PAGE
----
FIG. 3 (plan view) and FIG. 4 (sectional view taken along line II-II) illustrate one MTJ element 10. Letting θ1 be the angle (taper angle) of the circumferential surface of the second stacked structure including the free layer 16, tunnel barrier layer 17, and fixed layer 18, and t1 be the film thickness of the second stacked structure, a film thickness t2 of the circumferential wall 20 is set to satisfy


t2>t1/tan θ1

When this condition is met, the area of the bottom surface of the free layer 16 becomes smaller than the area of the tunnel barrier layer 15. That is, the circumferential wall 20 necessarily surrounds the circumferential surface of the free layer 16. This makes it possible to prevent a shortcircuit of the free layer 16 and fixed layer 14.

If, for example, the MTJ element 10 is entirely tapered in order to suppress shortcircuits between the magnetic layers, the size of the lower electrode 13 as the lowermost layer increases, and this increases the size of the MTJ element 10. In this embodiment, however, a shortcircuit of the free layer 16 and fixed layer 18 is suppressed by tapering the second stacked structure including the free layer 16, tunnel barrier layer 17, and fixed layer 18. On the other hand, the circumferential surface of the first stacked structure including the lower electrode 13, fixed layer 14, and tunnel barrier layer 15 is almost perpendicular to the film surfaces. Consequently, the MTJ element 10 can be downsized. In addition, the circumferential wall 20 formed on the circumferential surface of the free layer 16 prevents a shortcircuit of the free layer 16 and fixed layer 14.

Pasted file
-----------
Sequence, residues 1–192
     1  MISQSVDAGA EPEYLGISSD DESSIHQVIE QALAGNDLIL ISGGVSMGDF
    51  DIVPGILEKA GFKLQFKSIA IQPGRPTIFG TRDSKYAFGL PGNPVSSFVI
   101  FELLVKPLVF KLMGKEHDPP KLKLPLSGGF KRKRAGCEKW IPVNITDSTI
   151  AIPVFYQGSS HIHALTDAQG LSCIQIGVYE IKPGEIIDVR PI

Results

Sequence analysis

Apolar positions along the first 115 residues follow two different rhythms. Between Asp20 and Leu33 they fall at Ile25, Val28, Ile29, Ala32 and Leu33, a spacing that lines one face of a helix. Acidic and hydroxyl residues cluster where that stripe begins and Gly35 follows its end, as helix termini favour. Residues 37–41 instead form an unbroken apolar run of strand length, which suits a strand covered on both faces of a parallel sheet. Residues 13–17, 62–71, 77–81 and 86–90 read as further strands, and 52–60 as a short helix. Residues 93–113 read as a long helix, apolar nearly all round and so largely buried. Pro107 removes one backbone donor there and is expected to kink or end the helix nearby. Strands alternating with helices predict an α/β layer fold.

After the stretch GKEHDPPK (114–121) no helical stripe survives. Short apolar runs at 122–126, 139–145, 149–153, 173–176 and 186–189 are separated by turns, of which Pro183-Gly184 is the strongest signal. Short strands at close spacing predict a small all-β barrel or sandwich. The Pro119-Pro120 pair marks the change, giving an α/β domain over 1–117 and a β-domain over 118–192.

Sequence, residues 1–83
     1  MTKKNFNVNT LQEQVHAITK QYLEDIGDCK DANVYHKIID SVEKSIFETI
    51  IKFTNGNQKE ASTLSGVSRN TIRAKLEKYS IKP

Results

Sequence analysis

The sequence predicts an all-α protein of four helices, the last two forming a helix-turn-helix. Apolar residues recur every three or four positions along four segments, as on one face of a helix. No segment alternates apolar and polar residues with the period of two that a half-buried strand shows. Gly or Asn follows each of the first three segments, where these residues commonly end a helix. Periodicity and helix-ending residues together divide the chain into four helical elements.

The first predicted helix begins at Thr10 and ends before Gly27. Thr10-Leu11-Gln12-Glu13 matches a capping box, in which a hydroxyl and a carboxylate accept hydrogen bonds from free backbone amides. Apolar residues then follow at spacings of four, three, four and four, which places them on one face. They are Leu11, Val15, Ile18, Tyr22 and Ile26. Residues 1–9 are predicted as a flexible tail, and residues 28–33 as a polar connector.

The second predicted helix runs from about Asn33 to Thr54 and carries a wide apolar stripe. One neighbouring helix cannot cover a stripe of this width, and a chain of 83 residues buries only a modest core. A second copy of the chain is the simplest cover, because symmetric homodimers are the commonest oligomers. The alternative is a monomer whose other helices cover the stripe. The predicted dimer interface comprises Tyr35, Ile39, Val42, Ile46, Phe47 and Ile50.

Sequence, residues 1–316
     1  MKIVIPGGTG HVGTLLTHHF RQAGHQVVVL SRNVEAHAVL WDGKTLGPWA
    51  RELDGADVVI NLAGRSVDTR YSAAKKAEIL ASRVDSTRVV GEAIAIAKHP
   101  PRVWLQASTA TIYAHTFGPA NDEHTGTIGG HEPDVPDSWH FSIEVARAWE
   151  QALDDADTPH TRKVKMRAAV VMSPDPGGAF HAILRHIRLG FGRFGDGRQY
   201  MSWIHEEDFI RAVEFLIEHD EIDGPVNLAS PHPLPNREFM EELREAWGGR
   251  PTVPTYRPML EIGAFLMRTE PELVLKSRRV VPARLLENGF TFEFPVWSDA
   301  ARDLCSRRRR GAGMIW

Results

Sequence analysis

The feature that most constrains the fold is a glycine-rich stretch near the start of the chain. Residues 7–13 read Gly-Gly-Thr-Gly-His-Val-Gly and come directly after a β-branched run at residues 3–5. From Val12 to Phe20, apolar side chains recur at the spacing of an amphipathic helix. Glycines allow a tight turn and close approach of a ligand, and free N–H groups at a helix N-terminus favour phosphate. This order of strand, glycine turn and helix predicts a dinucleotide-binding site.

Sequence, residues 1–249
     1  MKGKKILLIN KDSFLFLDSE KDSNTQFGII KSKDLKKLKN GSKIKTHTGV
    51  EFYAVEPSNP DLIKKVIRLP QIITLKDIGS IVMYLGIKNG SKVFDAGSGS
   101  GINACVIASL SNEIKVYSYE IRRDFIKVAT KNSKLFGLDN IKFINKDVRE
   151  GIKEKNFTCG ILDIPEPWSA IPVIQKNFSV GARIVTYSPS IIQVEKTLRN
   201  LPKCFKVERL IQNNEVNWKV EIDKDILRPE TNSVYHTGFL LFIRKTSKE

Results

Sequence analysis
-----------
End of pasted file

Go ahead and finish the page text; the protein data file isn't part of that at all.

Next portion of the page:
Another condition under which the circumferential wall 20 surrounds the second stacked structure will be explained below. As shown in FIG. 4, letting θ2 be the taper angle of the upper portion of the circumferential wall 20, θ3 be the taper angle of the lower portion of the circumferential wall 20, and t3 be the distance from the upper surface of the tunnel barrier layer 15 to an inflection point at which θ23, the distance t3 is set to satisfy t3>t1.

For example, if the distance t3 is smaller than t1, the circumferential wall 20 may not be able to surround the second stacked structure. However, when formed to meet the above condition, the circumferential wall 20 necessarily surrounds the circumferential surface of the free layer 16. This makes it possible to prevent a shortcircuit of the free layer 16 and fixed layer 14.

Still another condition under which the circumferential wall 20 surrounds the second stacked structure will be explained below. Letting θ4 be the taper angle of the upper electrode 19, the taper angle θ4 is set to satisfy θ41. In addition, the taper angle θ3 of the lower portion of the circumferential wall 20 is set to satisfy θ31.